How to Learn Machine Learning? – Intro to Datasets

In the previous tutorial, we managed to set up a proper working environment with all the tools needed to start your journey into data science. If you have missed it, you can go back and learn about installing the right environment. Now that you’re ready, let’s get started.


Data plays a crucial part in machine learning and understanding the right terminology when it comes to data will be important. In this tutorial, we will guide you through essential terminology and how to effectively speak about data, within the realm of machine learning. First, we are going to walk you through datasets, which will significantly help you with your understanding of machine learning algorithms.


As always, let’s jump into practice.

Head on to and use the grid to create a CSV file, as seen below:


Here, I have created a table with several European locations and distribution of salaries, based on age and occupation. However, the most interesting piece of data here is whether a person is self-employed or not. Ideally, we would like to have similarity patterns between location, age, salary, and occupation as well as understand what factors are key decision makers for those who decide to go into self-employment. In case you have just 11 rows like I do , it’s relatively easy to see and understand the pattern. However, now imagine having billions of rows of data. This is a dataset.

I think you get the point. And in talking about datasets, we have already covered the first in our machine learning terminology set; data points and features. What’s the difference, you ask? Easy, data points are the rows in the table, which means, in our example, we have 11 data points, and each data point has 4 features (Country, Age, Salary and Occupation).

Typically, we want to use the features to predict a numeric or categorical label. In our case, we can build a machine learning model that uses these 4 features and predicts the label of Self-Employed. Self-Employed is a categorical label, therefore our task is to make a binary classification. It’s binary because our target (Self-Employed) has two labels (yes and no).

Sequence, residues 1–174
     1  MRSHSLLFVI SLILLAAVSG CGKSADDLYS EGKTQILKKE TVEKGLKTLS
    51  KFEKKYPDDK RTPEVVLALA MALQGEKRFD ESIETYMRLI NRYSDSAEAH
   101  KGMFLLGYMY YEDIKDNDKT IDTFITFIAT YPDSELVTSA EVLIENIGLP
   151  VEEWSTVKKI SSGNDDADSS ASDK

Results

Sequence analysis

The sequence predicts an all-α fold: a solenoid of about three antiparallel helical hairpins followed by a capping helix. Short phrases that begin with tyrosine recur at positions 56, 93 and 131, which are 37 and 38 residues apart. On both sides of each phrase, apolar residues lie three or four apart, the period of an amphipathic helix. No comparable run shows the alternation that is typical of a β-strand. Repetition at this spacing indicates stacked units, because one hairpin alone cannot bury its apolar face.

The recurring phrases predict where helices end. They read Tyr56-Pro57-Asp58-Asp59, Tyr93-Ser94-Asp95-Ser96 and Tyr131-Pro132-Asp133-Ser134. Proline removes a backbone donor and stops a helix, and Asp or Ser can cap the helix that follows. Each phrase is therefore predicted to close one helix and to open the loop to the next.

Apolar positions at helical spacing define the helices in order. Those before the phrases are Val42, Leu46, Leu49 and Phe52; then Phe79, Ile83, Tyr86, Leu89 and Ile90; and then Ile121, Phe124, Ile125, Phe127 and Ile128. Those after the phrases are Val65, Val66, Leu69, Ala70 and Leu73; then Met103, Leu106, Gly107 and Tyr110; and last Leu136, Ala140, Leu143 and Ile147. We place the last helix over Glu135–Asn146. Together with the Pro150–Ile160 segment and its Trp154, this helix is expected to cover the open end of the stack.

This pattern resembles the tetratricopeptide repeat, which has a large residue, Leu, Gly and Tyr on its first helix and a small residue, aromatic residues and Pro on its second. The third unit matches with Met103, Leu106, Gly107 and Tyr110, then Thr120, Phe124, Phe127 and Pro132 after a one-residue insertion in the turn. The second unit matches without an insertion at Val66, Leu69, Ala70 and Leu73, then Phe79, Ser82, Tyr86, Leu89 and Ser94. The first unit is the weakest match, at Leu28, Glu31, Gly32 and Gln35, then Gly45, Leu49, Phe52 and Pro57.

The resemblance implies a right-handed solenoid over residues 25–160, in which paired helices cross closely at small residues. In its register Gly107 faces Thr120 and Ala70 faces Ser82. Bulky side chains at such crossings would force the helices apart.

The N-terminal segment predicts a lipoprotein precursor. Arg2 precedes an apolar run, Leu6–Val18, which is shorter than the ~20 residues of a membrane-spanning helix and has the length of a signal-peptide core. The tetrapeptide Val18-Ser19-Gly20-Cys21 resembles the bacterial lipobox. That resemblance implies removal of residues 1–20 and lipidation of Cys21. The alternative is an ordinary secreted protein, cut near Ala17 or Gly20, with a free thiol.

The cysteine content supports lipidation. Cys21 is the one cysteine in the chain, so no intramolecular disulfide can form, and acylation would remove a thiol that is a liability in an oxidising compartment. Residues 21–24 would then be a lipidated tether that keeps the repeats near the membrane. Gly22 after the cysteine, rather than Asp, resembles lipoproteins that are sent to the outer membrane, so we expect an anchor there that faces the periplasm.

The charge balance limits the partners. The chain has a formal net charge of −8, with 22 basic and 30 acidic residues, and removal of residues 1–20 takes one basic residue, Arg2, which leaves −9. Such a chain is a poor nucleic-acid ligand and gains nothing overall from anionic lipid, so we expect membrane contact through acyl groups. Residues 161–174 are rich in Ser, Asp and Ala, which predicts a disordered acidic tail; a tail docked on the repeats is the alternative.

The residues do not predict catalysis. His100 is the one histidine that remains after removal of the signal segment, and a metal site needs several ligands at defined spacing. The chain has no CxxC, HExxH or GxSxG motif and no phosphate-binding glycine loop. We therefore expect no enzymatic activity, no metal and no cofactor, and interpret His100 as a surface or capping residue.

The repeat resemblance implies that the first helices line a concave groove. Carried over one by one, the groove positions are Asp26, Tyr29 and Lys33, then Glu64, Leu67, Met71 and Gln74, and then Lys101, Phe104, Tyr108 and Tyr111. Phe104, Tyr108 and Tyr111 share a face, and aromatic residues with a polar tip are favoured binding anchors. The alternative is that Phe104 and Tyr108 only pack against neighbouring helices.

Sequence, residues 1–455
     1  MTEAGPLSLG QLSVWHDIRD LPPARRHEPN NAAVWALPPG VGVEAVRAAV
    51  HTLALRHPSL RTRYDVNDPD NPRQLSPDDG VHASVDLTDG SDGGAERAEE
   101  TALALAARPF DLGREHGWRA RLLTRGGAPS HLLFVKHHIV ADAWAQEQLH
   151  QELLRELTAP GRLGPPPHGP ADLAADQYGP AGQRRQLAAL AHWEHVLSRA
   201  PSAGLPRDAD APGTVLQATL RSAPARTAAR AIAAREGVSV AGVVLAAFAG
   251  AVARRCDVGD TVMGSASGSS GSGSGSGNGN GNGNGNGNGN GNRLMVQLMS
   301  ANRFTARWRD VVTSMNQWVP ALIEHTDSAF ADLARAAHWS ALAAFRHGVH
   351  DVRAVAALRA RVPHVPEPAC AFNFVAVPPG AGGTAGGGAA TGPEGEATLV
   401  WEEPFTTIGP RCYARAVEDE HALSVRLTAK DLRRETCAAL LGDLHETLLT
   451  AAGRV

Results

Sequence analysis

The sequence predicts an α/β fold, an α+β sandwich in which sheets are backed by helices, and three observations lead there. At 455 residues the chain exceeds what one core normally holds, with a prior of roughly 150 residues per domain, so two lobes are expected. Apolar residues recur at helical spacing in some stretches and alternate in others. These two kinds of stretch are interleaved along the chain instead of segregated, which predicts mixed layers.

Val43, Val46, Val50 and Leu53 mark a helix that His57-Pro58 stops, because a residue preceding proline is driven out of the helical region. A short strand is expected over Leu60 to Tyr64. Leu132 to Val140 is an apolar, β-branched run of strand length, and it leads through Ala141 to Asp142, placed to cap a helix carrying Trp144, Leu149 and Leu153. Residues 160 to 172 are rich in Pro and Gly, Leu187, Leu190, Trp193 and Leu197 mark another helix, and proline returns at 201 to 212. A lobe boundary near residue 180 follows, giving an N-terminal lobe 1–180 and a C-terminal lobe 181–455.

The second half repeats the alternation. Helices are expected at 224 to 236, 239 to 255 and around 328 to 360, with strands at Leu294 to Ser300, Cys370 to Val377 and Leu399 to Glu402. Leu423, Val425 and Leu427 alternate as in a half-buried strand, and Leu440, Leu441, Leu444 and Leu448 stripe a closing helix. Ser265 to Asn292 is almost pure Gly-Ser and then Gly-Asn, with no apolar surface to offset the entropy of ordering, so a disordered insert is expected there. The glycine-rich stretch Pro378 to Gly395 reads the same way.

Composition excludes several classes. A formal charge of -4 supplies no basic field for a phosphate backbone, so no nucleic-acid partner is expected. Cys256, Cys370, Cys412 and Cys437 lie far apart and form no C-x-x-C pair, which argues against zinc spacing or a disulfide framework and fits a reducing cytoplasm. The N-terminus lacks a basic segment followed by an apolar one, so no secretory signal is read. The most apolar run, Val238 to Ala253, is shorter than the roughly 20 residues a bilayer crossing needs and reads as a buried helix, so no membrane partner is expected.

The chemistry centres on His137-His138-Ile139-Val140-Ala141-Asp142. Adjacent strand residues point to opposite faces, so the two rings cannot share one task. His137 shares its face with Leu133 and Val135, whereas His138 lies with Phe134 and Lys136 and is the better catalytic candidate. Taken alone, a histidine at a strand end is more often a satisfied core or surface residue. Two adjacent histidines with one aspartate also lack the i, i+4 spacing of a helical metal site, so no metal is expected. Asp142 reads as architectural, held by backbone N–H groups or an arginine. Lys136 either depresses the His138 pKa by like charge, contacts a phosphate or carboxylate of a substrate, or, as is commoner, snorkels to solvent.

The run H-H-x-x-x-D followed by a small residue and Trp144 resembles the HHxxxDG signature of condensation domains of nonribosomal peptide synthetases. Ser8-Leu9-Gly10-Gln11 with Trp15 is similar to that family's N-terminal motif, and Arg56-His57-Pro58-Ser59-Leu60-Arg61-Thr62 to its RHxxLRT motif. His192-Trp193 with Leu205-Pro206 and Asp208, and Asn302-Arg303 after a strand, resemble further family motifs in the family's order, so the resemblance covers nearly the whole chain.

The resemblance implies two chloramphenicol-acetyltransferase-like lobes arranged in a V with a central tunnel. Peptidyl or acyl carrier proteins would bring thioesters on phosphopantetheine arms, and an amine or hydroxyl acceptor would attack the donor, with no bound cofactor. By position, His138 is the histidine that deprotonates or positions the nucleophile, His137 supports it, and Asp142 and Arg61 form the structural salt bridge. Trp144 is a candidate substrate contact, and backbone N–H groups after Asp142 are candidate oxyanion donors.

For our next step, we will need to use libraries that we will install on Python to read and manipulate the data. Open Spyder IDE that you previously installed and create a new file. Name it however you prefer. I will name mine “”.

So why do we need to import a library? Well, first we need to understand what a library is. A library is a tool that you can utilize to complete a specific task. The benefit of a library is not having to write code that someone else has already written and tested. You can use code from the library. In our case, we just have to provide the specific input, and the library will return the desired output. During this set of tutorials, we are going to mostly use libraries. This will save time, make the machine learning models as efficient as possible, and hopefully make the learning process a bit more exciting

In my example I am going to use three essential libraries:

  1. Numpy – import it by typing import numpy and use its shortcut as npNumpy is mostly used to perform math based operations during the machine learning process.
  2. Matplotlib – import the sublibrary “pyplot” by typing import matplotlib.pyplot. You can use it as a shortcut as plt. We will use this library to plot charts in python.
  3. Pandas – import the panda library and make a shortcut using import pandas as pd. We are going to use panda to import datasets and manage them.

As a result, you should be able to execute the imported libraries in spyder.


To set a working directory, you need to open your file explorer in Spyder and choose a target folder on your OS. I have placed the “” file and previously created CSV file in a folder called “Intro to datasets” and pointed Spyder to read from that directory.

Declare a variable “dataset” and assign panda shortcut “PD” with its method “read_csv,” with a filename as a parameter to read the data from the CSV file in your working directory.

dataset = pd.read_csv('self_employed.csv')

To test if the function is working correctly, add a log statement by typing print("dataset") and head to the console on the right to see the output.

You can also double check in the variable explorer tab. That dataset is right there waiting for you to play with it.

If you double click on it, you can see the dataset in a nicely formatted way.

Do not be surprised if you see that indexing starts at zero, as that’s typical behavior for programming languages. I strongly suggest you go to ”” and find a dataset that interests you and load it into Python. You can just repeat the process above of downloading and loading data.

Here you can search through CSV datasets on kaggle:

That’s it for today, I hope you enjoyed it. In the next tutorial, we are going to go deeper into terminology and concepts. In addition, we’ll provide the basic theoretical and practical foundation of Machine learning.



  • Topics:
  • Artificial Intelligence

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